Alfie's case (nor the other little boy earlier this year, whose name I can't recall) was NOT about preventing a slow painful death, or even about allocating money to patients most likely to benefit from treatment (at the expense of those not likely to benefit). If it had been about either of these things, there would have been no objection to the parents taking Alfie out of the country at their own expense for evaluation and possible treatment elsewhere. But that was not allowed. They weren't even allowed to take him home.

    This. was. all. about. control. And if we allow our government to fully fund and dictate healthcare, it will happen here.

    This next statement is not meant as a slam to the British. It is meant as a warning to us: I find it utterly inexplicable the extent to which people will willingly relinquish control of decisions pertaining to their own health, safety and well-being in exchange for the mistaken notion that they are not responsible for payment for the goods and services they receive. I am also dumbstruck by the number and seeming intelligence of people who think that because a bill does not arrive in their mailbox, they are receiving something for free.

    God rest that precious soul. And the next. And the next after him.........

  • Apr 29

    Thanks, Kyrshamarks for opening a realistic conversation about the topic of government controlled healthcare.

    Alfie's case (nor the other little boy earlier this year, whose name I can't recall) was NOT about preventing a slow painful death, or even about allocating money to patients most likely to benefit from treatment (at the expense of those not likely to benefit). If it had been about either of these things, there would have been no objection to the parents taking Alfie out of the country at their own expense for evaluation and possible treatment elsewhere. But that was not allowed. They weren't even allowed to take him home.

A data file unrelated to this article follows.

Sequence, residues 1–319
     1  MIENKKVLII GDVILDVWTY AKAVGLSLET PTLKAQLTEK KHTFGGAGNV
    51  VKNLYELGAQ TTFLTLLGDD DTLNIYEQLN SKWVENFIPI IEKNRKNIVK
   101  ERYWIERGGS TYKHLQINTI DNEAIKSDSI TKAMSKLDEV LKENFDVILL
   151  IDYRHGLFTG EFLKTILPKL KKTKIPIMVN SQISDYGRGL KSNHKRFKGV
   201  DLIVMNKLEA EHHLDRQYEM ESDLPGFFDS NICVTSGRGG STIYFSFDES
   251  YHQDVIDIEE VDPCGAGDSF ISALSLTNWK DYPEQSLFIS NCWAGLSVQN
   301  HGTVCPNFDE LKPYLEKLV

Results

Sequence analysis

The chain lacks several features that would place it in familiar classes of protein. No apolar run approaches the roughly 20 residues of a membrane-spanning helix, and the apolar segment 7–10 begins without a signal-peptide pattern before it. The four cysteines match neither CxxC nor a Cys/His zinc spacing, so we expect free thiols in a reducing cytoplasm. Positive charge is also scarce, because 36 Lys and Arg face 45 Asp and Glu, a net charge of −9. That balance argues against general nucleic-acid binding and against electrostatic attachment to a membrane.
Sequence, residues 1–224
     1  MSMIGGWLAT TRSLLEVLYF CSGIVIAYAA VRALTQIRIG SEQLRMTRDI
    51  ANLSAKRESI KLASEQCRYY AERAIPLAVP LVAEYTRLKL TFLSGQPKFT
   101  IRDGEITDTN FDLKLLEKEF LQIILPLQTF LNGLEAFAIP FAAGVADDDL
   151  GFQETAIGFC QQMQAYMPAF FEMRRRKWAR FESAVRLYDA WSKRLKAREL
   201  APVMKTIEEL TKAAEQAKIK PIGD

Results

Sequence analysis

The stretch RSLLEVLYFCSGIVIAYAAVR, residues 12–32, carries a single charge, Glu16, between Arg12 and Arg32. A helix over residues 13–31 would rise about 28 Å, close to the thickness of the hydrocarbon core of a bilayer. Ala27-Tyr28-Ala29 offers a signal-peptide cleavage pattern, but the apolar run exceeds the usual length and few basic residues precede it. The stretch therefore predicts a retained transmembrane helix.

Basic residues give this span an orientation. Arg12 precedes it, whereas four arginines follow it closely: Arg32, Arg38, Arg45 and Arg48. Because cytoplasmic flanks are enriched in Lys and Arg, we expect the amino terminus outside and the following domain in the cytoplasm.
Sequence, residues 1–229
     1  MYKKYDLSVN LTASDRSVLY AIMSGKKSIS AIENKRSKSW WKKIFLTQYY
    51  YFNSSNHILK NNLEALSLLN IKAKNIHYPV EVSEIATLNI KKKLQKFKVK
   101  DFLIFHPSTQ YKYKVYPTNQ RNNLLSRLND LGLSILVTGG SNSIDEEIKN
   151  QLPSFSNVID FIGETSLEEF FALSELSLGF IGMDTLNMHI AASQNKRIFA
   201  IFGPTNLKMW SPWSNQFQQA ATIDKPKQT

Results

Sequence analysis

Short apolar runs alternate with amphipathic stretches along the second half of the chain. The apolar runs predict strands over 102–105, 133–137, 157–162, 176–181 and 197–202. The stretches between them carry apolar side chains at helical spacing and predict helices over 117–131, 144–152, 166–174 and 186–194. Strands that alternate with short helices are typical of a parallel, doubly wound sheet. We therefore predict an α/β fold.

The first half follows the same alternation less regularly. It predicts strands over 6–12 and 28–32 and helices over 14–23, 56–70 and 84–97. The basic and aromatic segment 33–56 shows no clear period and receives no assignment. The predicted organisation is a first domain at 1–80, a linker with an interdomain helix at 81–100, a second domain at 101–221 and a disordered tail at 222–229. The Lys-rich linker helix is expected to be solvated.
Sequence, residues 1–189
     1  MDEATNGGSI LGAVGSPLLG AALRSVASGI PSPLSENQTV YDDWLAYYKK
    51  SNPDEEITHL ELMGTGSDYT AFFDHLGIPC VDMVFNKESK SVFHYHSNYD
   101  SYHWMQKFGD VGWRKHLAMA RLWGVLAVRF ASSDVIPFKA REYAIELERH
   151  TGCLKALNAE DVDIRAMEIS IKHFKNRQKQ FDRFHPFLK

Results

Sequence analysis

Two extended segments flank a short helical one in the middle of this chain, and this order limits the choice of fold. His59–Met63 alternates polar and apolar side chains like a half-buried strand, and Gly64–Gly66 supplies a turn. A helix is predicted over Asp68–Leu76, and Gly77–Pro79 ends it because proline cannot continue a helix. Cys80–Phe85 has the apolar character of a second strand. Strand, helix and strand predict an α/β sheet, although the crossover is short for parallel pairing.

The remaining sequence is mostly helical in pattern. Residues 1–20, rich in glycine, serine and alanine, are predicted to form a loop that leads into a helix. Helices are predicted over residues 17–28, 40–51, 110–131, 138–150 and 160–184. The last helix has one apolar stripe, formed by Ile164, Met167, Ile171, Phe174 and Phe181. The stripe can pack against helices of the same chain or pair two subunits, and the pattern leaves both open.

This. was. all. about. control. And if we allow our government to fully fund and dictate healthcare, it will happen here.

    This next statement is not meant as a slam to the British. It is meant as a warning to us: I find it utterly inexplicable the extent to which people will willingly relinquish control of decisions pertaining to their own health, safety and well-being in exchange for the mistaken notion that they are not responsible for payment for the goods and services they receive. I am also dumbstruck by the number and seeming intelligence of people who think that because a bill does not arrive in their mailbox, they are receiving something for free.

    God rest that precious soul. And the next. And the next after him.........

  • Apr 29

    Thanks, Kyrshamarks for opening a realistic conversation about the topic of government controlled healthcare.